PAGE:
In May 2017, Environmental Protection Agency (“EPA”) Administrator Pruitt issued two memoranda aimed at prioritizing and streamlining the Superfund program administered under the Comprehensive Environmental Response, Compensation, and Liability Act (“CERCLA”). The Administrator’s renewed focus on the Superfund program provides industry members with an excellent opportunity to voice specific, programmatic concerns with the Agency’s current Superfund policies and practices.

First, on May 9, 2017, Administrator Pruitt issued a memorandum which revoked the delegation of authority to the EPA regional offices over remedies estimated to cost $50 million or more. Instead, the authority to select remedies for such sites shall now be retained by the Administrator in an effort to “improve remedy selection” and “enhanc[e] consistency in remedy selection across states and the regions.”

Second, on May 22, 2017, Administrator Pruitt established a governmental task force to identify steps the Agency can take to “[s]treamline and improve the efficiency and efficacy of the Superfund program.” The task force is led by Albert Kelly, senior advisor to the Administrator, and will be staffed by personnel from various EPA offices. Within 30 days, the task force is directed to recommend actions the Agency can take to hasten cleanup at Superfund sites, implement various cost-saving and financing measures, and promote consistency at Superfund sites across the country, and use risk-management principles in the selection of remedies.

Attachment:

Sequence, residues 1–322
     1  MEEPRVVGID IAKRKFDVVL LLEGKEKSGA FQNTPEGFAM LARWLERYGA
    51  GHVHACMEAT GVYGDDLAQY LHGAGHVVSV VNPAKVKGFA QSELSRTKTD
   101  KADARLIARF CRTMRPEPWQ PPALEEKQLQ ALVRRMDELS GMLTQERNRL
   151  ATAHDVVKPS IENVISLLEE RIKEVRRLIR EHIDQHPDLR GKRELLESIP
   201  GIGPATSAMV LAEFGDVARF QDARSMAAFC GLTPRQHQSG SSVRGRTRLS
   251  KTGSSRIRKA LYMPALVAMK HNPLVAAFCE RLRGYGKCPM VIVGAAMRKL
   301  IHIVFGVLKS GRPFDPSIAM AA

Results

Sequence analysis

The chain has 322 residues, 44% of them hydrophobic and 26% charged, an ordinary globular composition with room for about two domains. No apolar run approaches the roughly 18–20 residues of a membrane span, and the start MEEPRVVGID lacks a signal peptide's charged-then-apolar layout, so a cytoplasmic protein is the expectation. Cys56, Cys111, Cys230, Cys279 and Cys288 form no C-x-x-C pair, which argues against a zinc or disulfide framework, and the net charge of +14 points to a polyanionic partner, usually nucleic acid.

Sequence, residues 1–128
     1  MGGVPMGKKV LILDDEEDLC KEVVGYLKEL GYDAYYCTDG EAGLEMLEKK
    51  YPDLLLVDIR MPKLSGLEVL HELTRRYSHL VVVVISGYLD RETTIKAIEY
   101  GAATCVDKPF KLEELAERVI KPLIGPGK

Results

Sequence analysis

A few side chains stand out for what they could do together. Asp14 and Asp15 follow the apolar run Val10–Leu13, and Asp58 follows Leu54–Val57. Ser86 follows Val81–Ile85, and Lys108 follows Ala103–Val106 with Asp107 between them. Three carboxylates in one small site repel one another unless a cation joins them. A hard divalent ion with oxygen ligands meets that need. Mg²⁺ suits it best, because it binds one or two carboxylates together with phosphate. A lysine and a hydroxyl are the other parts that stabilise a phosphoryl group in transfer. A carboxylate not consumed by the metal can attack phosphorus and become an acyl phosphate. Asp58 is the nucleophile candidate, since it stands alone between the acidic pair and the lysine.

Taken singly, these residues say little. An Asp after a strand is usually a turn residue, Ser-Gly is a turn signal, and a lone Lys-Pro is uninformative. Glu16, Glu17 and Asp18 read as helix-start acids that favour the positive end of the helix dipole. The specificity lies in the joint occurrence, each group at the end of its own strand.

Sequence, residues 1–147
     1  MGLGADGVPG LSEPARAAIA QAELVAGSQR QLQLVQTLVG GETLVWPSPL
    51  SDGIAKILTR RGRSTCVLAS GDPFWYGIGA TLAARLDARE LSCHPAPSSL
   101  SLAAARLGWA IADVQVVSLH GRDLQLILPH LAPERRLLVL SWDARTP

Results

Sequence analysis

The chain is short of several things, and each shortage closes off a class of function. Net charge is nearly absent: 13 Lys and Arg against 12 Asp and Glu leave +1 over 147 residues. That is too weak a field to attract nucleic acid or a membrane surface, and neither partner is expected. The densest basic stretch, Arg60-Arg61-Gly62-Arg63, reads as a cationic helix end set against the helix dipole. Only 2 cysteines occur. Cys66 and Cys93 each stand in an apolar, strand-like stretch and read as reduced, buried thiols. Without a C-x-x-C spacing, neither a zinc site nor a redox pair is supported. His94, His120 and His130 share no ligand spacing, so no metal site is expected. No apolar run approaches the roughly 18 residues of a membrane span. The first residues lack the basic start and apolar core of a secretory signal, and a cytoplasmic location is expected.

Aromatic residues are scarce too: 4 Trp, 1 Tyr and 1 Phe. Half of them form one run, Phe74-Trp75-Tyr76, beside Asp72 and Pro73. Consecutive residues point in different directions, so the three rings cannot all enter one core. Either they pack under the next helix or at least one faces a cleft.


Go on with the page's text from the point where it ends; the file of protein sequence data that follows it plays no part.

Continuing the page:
Although industry members are not represented on the task force, this is an opportunity for interested parties to weigh in on programmatic or policy changes that would streamline the Superfund program and expedite the cost-effective cleanup of sites. Below are examples of some areas for improvement we have identified in current Superfund policies and practices:

  • Revision of the current model Agreed Orders on Consent to, for example, streamline procedural steps, require timely EPA decision-making, and enhance dispute resolution;
  • Better utilization by EPA of its own guidance across all Regions, such as guidance for sediment site cleanups and the application of risk reduction and remedial action goals that are actually achievable;
  • Streamlining the Technical Impracticability waiver program, to potentially allow for quicker approvals when sites present certain specified characteristics;
  • Better guidance from EPA on groundwater cleanup drivers; and
  • Optimization of site cleanups and development of exit strategies.